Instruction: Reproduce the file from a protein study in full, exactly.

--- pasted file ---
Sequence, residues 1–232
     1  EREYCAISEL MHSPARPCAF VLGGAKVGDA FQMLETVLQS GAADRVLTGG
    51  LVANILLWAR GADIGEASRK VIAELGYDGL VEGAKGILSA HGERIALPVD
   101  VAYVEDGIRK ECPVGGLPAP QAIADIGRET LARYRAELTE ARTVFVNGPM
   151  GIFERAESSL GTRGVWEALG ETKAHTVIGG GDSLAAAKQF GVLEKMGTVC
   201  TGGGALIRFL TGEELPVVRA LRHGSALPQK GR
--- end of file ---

Sequence, residues 1–232
     1  EREYCAISEL MHSPARPCAF VLGGAKVGDA FQMLETVLQS GAADRVLTGG
    51  LVANILLWAR GADIGEASRK VIAELGYDGL VEGAKGILSA HGERIALPVD
   101  VAYVEDGIRK ECPVGGLPAP QAIADIGRET LARYRAELTE ARTVFVNGPM
   151  GIFERAESSL GTRGVWEALG ETKAHTVIGG GDSLAAAKQF GVLEKMGTVC
   201  TGGGALIRFL TGEELPVVRA LRHGSALPQK GR